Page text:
02:27 < chomp> if you have some piece of code which is just crunching on
numbers, it's not even yielding the cpu let alone responding to outside signals
02:27 < chomp> i mean it'll yield to the kernel but thats it
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02:28 < smw> chomp, ok.  How do programs receive signals when I send a kill?
02:29 < chomp> when you send a kill, init will kill the process
02:30 < chomp> and then it won't be scheduled any more
02:30 < smw> but the program can capture the kill
02:30 < chomp> yes that is true, you can capture the kill
02:30 < smw> it is a signal of some sort
02:31 < chomp> but that doesn't change anything really ...
02:31 < smw> it stops normal execution
02:31 < crazy2be> does it?
02:31 < smw> I believe so
02:31 < smw> doesn't it?
02:31 < crazy2be> I've had plenty of programs not respont to kill signals
02:32 < crazy2be> I have to killall -s 9 them
02:32 < chomp> if you trap KILL you can do whatever you want but for one
thing that's probably a terrible idea
02:32 < smw> yeah
02:33 < crazy2be> "Signal handlers can be installed with the signal() system
call.  If a signal handler is not installed for a particular signal, the default
handler is used.  Otherwise the signal is intercepted and the signal handler is
invoked.  The process can also specify two default behaviors, without creating a
handler: ignore the signal (SIG_IGN) and use the default signal handler (SIG_DFL).
There are two signals which cannot be intercepted and
02:33 < crazy2be> handled: SIGKILL and SIGSTOP."
02:33 < chomp> actually on most systems you can'
02:33 < chomp> yeah there ya go.
02:33 < crazy2be> so it's basically a callback
02:34 < smw> http://en.wikipedia.org/wiki/Signal_(computing)
02:34 < smw> yes
02:34 < smw> a signal is an async callback
02:34 < chomp> of course none of this has any bearing on the fact that code
which chooses not to be aware of external signals will not be aware of external
signals
02:34 < chomp> :)
02:35 < smw> chomp, maybe it would be possible to implement a signal system
in go!  lol
02:36 < chomp> you mean like a ...  channel?!
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02:36 < smw> chomp, lol...
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02:46 < kevlar> Go already has signal handling.
02:46 < crazy2be> hey @ancientlore
02:46 < ancientlore> hey, what's up
02:46 < kevlar> KILL and STOP can't be trapped, but TERM and TSTP (which are
intended to be handled) can be
02:47 < crazy2be> kevlar: Yes, but it seems to be impossible to specify a
signal to not be handled
02:47 < kevlar> if a program doesn't die when you KILL it, that's because
it's locked in a kernel syscall; if/when it completes, it will be stopped.
02:47 < kevlar> crazy2be: in Go, yes, but it's easy to emulate the default
behavior
02:47 < crazy2be> e.g.  to specify which signals you want to handle
02:48 < kevlar> that's because signal setup needs to be done in init()
before you can specify what signals to handle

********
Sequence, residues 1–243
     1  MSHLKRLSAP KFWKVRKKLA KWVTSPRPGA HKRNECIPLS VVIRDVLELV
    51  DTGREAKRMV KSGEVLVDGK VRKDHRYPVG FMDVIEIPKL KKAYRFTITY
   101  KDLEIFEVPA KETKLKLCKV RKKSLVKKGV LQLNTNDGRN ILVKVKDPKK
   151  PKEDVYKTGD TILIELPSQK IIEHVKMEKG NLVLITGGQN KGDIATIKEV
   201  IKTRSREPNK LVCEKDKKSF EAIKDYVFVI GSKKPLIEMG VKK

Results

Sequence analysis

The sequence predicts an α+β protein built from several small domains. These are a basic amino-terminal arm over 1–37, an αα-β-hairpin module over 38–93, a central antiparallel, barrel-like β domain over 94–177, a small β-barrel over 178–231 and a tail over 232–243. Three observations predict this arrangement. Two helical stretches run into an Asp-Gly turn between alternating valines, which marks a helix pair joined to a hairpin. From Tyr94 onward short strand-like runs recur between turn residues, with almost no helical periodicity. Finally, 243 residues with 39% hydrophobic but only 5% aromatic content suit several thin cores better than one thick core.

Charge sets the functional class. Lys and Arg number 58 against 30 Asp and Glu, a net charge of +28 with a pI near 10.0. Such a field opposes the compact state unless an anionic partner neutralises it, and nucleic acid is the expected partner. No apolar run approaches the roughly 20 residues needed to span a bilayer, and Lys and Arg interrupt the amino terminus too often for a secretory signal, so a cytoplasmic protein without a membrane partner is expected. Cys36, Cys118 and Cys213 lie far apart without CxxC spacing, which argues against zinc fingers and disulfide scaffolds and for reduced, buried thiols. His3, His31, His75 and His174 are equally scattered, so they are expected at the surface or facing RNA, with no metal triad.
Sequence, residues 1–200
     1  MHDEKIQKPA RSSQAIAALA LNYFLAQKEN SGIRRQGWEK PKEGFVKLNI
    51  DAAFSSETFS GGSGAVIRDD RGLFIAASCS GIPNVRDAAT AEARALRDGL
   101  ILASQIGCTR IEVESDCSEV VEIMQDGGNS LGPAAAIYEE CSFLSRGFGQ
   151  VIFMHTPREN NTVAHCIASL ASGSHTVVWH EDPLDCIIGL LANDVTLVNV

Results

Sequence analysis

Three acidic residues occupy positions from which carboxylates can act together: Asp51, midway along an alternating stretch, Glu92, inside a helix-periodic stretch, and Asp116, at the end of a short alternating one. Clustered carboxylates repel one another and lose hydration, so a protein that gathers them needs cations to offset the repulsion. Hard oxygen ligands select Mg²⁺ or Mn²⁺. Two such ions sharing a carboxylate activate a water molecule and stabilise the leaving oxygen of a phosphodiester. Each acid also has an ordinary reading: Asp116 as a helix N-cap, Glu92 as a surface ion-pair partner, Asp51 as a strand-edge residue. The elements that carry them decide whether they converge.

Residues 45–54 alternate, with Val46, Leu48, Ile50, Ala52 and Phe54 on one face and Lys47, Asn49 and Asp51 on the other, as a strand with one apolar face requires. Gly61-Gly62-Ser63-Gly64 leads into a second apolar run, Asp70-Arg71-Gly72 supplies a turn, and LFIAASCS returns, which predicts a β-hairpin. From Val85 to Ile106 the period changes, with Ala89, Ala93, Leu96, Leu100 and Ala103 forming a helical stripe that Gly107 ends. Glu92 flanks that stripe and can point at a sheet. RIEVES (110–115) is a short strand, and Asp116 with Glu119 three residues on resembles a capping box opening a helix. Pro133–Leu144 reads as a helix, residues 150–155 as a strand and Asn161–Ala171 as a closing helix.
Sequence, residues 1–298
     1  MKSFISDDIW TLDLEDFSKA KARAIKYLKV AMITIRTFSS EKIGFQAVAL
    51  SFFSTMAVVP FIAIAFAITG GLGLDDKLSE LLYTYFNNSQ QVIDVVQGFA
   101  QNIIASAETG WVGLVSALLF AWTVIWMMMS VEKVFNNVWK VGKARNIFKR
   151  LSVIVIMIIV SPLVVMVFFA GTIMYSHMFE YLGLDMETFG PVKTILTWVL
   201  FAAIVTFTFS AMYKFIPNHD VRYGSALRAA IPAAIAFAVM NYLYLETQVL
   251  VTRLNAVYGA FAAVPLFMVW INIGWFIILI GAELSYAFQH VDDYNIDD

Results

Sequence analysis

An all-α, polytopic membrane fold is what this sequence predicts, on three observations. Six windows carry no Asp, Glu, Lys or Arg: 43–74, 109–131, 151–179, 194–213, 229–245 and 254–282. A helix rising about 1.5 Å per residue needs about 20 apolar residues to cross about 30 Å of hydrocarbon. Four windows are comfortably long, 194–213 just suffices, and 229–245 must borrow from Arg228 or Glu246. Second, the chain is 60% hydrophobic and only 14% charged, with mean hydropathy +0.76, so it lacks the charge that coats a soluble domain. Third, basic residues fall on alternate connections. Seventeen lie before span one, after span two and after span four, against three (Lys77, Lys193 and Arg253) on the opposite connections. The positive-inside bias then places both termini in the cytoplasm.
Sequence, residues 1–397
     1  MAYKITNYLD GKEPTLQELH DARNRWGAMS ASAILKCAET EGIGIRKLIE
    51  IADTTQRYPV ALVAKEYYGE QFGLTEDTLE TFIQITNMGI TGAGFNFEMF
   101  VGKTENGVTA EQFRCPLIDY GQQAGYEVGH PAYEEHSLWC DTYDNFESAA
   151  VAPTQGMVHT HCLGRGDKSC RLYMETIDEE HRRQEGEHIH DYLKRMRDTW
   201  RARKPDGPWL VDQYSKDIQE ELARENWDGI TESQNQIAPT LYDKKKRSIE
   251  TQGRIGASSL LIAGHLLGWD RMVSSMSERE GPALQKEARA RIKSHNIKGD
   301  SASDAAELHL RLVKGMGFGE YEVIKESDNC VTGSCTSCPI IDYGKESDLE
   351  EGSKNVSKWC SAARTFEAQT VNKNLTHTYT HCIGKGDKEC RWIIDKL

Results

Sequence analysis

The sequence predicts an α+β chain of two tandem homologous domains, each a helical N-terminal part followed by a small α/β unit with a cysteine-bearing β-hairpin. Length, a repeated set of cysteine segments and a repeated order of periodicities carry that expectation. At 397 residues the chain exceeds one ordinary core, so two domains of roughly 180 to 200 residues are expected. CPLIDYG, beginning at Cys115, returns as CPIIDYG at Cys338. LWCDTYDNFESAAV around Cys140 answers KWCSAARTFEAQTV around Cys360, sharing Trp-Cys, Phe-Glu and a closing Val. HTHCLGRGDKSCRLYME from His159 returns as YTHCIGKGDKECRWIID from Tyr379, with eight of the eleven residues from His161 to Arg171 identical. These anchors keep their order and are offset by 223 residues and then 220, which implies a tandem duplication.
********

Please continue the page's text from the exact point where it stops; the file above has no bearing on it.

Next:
02:48 < kevlar> so they're all sent down signal.Incoming as soon as you
import "os/signal"
02:48 < crazy2be> yeah
02:48 < kevlar> I have code to do ^Z ^C and ^\ if you want.
02:48 < chomp> which caused me a great deal of pain the first time i started
playing around with it :)
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02:49 < kevlar> ^Z took a while to figure out, lol.
02:49 < kevlar> hmm, I should add it to go-wiki.
02:49 < crazy2be> go-wiki?
02:49 < kevlar> http://go-wiki.googlecode.com/
02:49 < kevlar> it's the official unofficial go wiki, lol
02:50 < chomp> ^Z backgrounds the process doesnt it
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02:50 < kevlar> chomp: no, it sends SIGTSTP
02:50 < kevlar> which, by default, goes unhandled and causes your shell to
suspend (STOP) your process
02:50 < chomp> ah right.
02:50 < crazy2be> cool
02:51 < crazy2be> although i'm not sure how it's
02:51 < kevlar> so the trick within your app to emulate ^Z is to SIGSTOP
your own PID
02:51 < crazy2be> "unofficial"
02:51 < chomp> aha
02:51 < crazy2be> because it's members as all @golang.org
02:51 < crazy2be> *are
02:51 < crazy2be> I just can't type today :P
02:51 < kevlar> crazy2be: everyone who is in the CONTRIBUTORS file has edit
access to the wiki
02:52 < chomp> ooohhh
02:52 * chomp goes and changes everything
02:52 < smw> really?  sweet
02:52 < smw> time to start editing stuff :-)
02:52 < kevlar> I thought they sent out an email.
02:53 < chomp> maybe, i only just had something committed last week
02:54 < crazy2be> chomp: What did you commit?
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02:54 < chomp> just the start of a patch to syscall, to add tty related
support to StartProcess
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02:55 < chomp> only changed a code generation script so far; have to wait on
its outputs to accumulate
02:57 < smw> sweet, I do have access to edit the wiki :-D
02:58 < chomp> wonder if i should attempt to get go building on this windows
box >.>
02:58 < chomp> seems windows go could use more love
02:59 < smw> for v := range myChannel {}.  Will that block if it stops
getting answers from the channel?
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03:00 < smw> nm, answer is in go spec
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03:05 < ancientlore> any thoughts on the go packages out there for mongodb?
03:06 < chomp> perhaps you want https://github.com/mikejs/gomongo :)
03:07 < chomp> aptly named
03:07 < ancientlore> yeah, but then the go blog featured mgo - curious who
they compare
03:07 < kevlar> ancientlore: check out
http://godashboard.appspot.com/package
03:08 < kevlar> it's always a good idea to know the popular packages, as it